Cross-departmental initiatives, such as the Digital Deal supported by the Department for Work and Pensions (DWP) and Department for Communities and Local Government (DCLG), managed by Tinder Foundation, are helping to improve internet access and digital capability within social housing. Universal Credit will see a change in the way individuals get benefits, making it an online transaction. This includes how housing benefit is paid. Housing associations are working to ensure tenants are able to use the internet to access Universal Credit and claim their benefits. The Digital Deal helps boost good ideas for improving digital skills, access and support through a matched funding scheme and 12 projects are being implemented across the country.

The government’s 25 exemplar projects, led by GDS and departments are providing simpler, clearer and faster digital services to the public. Building services around the needs of users, not the government, will allow more people to access and use government services. The government’s approach to assisted digital will also provide support to people who are unable to use government digital services independently.

Skills

The Department for Business, Innovation and Skills (BIS) gives funding to organisations providing digital skills and support to individuals, SMEs and VCSEs looking to learn how to make use of the internet. The Tinder Foundation, who have also received support from NHS England and the DWP, is one such organisation.

BIS is also working with Go ON UK to help deliver the Information Economy Strategy’s commitment to help provide 1.6 million SMEs with the digital skills to transact online over the next 5 years. Go ON UK recently launched a North East pilot. The results will help shape the partnership programme nationally. BIS has also supported the development of SME elements of digitalskills.com.

The Skills Funding Agency, an executive agency of BIS, was granted £2.5 billion in 2013-2014 for the adult skills budget. Government priorities for the budget remain to provide Traineeships, Apprenticeships, english and maths; and for all learners to increase their skills, competence and knowledge. The Skills Funding Agency supports numerous digital skills initiatives to help offer a range of courses and means of accessing the internet to the public.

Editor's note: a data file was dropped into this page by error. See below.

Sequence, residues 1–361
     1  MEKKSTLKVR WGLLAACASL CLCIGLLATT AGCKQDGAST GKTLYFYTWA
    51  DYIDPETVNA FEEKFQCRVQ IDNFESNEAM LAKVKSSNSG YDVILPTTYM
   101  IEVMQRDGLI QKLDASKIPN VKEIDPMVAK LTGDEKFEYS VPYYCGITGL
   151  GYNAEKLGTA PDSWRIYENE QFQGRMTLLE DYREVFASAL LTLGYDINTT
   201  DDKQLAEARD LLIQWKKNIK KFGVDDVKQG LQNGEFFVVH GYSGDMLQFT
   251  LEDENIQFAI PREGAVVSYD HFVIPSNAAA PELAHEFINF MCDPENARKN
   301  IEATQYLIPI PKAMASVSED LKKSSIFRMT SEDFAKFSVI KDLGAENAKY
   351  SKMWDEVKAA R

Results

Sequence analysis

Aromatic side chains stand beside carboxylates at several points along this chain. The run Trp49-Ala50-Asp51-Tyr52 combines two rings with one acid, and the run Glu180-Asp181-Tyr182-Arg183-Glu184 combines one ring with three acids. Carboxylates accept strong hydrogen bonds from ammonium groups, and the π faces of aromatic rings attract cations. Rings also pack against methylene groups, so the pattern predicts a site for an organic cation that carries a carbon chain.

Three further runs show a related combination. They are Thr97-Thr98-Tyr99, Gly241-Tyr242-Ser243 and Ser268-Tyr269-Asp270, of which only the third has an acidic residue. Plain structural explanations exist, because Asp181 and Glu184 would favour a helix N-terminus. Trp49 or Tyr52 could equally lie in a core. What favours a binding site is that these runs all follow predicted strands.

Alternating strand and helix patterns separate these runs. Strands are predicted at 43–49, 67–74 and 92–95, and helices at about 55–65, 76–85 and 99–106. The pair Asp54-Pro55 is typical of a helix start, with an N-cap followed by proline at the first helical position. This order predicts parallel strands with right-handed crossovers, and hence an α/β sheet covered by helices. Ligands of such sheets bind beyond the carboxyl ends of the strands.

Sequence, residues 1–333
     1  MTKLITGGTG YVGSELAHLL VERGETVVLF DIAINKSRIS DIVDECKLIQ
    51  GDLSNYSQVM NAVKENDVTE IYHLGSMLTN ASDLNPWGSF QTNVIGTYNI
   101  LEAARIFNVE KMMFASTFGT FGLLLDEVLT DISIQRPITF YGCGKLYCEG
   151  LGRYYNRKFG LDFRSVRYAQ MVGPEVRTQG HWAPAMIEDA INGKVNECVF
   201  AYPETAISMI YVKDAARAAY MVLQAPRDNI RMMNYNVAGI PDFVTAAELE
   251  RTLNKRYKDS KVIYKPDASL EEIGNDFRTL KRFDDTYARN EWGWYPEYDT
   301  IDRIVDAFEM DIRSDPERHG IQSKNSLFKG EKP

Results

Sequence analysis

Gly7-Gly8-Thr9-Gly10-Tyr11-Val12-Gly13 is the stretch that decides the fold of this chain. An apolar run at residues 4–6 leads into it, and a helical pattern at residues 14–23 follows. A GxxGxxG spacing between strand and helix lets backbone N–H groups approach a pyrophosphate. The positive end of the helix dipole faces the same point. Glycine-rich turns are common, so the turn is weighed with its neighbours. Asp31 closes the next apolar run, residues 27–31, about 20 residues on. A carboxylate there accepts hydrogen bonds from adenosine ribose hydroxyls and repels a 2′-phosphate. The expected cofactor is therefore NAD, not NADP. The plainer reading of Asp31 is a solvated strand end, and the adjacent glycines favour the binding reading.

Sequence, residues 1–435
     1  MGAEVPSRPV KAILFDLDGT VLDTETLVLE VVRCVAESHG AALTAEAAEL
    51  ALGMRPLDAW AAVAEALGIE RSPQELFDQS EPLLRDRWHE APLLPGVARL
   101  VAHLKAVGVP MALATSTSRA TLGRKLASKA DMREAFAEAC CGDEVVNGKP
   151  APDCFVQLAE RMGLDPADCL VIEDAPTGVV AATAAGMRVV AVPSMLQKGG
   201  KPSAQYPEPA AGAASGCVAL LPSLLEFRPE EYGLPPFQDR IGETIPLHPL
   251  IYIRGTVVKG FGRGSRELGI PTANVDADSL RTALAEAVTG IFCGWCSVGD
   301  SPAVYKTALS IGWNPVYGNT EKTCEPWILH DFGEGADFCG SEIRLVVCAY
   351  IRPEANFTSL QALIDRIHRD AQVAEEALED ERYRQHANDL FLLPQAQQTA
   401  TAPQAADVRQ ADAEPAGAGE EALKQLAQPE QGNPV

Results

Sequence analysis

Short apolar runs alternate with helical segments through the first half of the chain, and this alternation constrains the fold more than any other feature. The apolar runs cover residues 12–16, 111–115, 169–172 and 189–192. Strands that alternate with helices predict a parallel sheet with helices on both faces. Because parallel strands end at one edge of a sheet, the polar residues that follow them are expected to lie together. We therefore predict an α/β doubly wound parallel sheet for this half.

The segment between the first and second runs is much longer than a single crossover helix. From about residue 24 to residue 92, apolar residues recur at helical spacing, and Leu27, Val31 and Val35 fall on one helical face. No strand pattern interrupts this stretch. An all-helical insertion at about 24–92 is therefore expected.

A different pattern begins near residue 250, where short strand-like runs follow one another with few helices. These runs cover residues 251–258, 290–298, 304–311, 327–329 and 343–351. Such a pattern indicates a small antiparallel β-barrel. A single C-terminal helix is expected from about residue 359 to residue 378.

NHS England is working with the Department for Health and Tinder Foundation on a Widening Digital Participation Programme, to encourage marginalised groups, often the heaviest users of the health and care system to use the internet to improve the quality and availability of care.

Businesses and organisations

Supporting SMEs and VCSEs in developing digital capabilities is a priority for both BIS and Cabinet Office. The Regional Growth Fund provides one way of helping grow SMEs, with over 3,400 SMEs receiving cash support, including help to improve digital capabilities. Small Business: GREAT Ambition, the government’s commitment to making it easier for small businesses to grow, also set out what government is doing to help businesses boost their online presence and make the most of opportunities to trade online. The UK Commission for Employment and Skills, supported by DWP, BIS, HM Treasury, Department for Employment and Learning Northern Ireland, the Scottish Government and Welsh Government, invests in resources to support SMEs, charities and voluntary organisations to invest in digital skills and capabilities needed to develop and grow their own business.

The Department for Communities and Local Government has provided £400 million support to local communities, supporting economic growth by growing local enterprise zones, through local digital skills and capabilities programmes, reduced access costs and establishing stronger networks between businesses.